The database and map provide real-time data and historical trends in air pollution emissions and wastewater discharge

The database and map provide real-time data and historical trends in air pollution emissions and wastewater discharge

Six leading apparel brands have stepped forward to be featured on a new online map that claims to be the only tool in the world to openly link leading multinational corporations to their suppliers' environmental performance.

Developed by the Natural Resources Defense Council (NRDC) in the US and the Institute of Public & Environmental Affairs (IPE) in China, the IPE Green Supply Chain Map is based on publicly available data from the Chinese Government.

The database and map provide real-time data and historical trends in air pollution emissions and wastewater discharge for nearly 15,000 major industrial facilities in China and access to environmental supervision records for over half a million more.

The first brands to feature on the new tool are Target, Esprit, New Balance, Puma, Gap Inc and Inditex. They have publicly shared their lists of suppliers and provided the information required to IPE for its mapping efforts.

Ma Jun, environmentalist and director at IPE, believes the map has the potential to become a true game-changer for public environmental oversight and improvement efforts for industrial manufacturing in China.

"We hope to see more brands step up their game and join the map to connect the missing dots of accountability in the vast network of global supply chains."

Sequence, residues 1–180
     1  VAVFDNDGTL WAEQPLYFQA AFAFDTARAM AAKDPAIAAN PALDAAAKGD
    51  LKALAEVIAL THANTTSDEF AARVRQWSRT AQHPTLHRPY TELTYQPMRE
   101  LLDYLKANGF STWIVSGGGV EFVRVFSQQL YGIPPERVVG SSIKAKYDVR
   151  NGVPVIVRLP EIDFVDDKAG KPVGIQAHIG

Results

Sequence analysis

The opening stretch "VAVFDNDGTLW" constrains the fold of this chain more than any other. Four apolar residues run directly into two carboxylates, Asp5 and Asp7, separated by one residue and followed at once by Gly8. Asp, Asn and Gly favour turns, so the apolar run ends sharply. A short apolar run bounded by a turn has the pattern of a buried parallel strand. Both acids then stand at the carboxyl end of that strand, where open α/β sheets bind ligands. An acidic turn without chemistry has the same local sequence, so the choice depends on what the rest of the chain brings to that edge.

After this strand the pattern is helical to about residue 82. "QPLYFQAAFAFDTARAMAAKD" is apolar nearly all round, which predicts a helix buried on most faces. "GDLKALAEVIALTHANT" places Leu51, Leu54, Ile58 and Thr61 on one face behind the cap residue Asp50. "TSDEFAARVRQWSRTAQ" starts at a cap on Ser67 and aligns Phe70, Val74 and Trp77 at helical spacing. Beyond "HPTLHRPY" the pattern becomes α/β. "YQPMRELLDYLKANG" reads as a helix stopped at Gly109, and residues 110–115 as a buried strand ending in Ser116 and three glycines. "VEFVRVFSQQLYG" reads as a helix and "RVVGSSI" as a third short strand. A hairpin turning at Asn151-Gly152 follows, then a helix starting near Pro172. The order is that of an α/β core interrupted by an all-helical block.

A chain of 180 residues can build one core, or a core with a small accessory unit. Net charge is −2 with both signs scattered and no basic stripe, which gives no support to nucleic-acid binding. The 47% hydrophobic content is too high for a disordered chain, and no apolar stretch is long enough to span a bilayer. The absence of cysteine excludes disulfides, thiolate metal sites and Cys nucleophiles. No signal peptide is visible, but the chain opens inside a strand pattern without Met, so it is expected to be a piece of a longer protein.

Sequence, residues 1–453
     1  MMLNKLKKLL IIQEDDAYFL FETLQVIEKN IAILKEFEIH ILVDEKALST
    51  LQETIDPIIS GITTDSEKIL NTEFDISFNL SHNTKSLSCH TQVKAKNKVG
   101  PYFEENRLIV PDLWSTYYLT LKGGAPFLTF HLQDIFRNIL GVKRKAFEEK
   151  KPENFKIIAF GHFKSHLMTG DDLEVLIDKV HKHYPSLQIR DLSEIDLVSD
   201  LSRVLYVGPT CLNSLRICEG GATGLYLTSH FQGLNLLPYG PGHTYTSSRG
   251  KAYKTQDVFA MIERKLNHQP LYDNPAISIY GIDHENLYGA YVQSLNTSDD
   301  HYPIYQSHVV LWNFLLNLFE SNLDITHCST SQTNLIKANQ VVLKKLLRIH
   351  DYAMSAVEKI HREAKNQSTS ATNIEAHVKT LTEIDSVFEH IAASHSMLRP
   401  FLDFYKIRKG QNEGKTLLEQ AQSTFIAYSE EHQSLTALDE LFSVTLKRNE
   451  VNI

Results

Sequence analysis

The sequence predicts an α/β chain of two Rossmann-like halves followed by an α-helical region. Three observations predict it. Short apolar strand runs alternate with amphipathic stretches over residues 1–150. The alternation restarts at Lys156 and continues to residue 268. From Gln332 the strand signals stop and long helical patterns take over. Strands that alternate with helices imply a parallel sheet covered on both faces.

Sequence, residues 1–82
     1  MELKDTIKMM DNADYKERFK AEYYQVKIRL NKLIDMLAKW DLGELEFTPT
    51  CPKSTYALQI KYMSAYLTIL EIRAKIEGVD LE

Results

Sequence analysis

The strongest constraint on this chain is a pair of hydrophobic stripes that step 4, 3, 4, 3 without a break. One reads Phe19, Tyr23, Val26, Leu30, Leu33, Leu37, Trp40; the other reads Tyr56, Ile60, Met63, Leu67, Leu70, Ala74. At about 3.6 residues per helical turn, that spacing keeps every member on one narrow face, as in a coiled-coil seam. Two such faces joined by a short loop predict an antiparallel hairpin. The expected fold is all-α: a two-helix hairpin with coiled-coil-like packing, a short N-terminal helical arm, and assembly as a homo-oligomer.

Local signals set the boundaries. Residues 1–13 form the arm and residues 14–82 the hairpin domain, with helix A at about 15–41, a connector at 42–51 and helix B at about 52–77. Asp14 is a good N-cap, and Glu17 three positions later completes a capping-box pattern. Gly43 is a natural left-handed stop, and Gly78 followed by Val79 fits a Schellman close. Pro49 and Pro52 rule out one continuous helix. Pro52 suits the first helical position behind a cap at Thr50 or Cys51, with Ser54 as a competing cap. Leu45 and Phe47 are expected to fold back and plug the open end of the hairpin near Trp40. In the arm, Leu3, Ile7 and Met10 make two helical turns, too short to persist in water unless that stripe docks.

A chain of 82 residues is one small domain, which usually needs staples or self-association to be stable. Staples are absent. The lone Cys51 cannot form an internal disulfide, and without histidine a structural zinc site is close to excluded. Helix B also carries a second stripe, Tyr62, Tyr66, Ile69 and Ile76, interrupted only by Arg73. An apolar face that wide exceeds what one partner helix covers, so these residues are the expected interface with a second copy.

NRDC and IPE have been working together for the last eight year to address China's air, water and soil pollution problems as the country has massively expanded its industrial manufacturing base. Up to 25% of carbon emissions, for example, is linked to the manufacture of products for export abroad.

The bilingual map, which features both English and Chinese versions, gives companies real-time information and allows customers and the public to gain greater transparency around companies' environmental impact.

Users can click the logo of the brand of interest at any location in the country and see exactly how its supplier factory is performing environmentally at that moment, as well as view a 30-day trend of emissions and discharges. Users can also view factory responses and corrective actions towards environmental violation records, as well as voluntarily disclosed annual emissions data.

"Until now, customers have lacked effective tools to assess the environmental impact of their favourite brands' global operations," says Linda Greer, senior health scientist for NRDC. "These companies that have stepped up to put their names first on the inaugural map are showing new levels of transparency on their manufacturing abroad and are demonstrating real leadership in supply chain responsibility.'"

The creation of the map is expected to open up opportunities for retailers and brands to green their supply chains by raising expectations that suppliers will actively maintain solid environmental management and transparency.

It is expected that well-performing factories can be recognised and motivated by multinational and local Chinese firms, whose procurement departments can award greater market share for those demonstrating excellence in their environmental behaviour.

When used correctly, the two groups says the map can reduce the time and expense associated with factory audits, which often don't identify hidden problems as well.

They are hoping the tool will lead to new levels of global collaboration and serve as a reference for other countries and regions facing similar concerns about environmental impacts of rapid industrialisation.

Click here to view the map.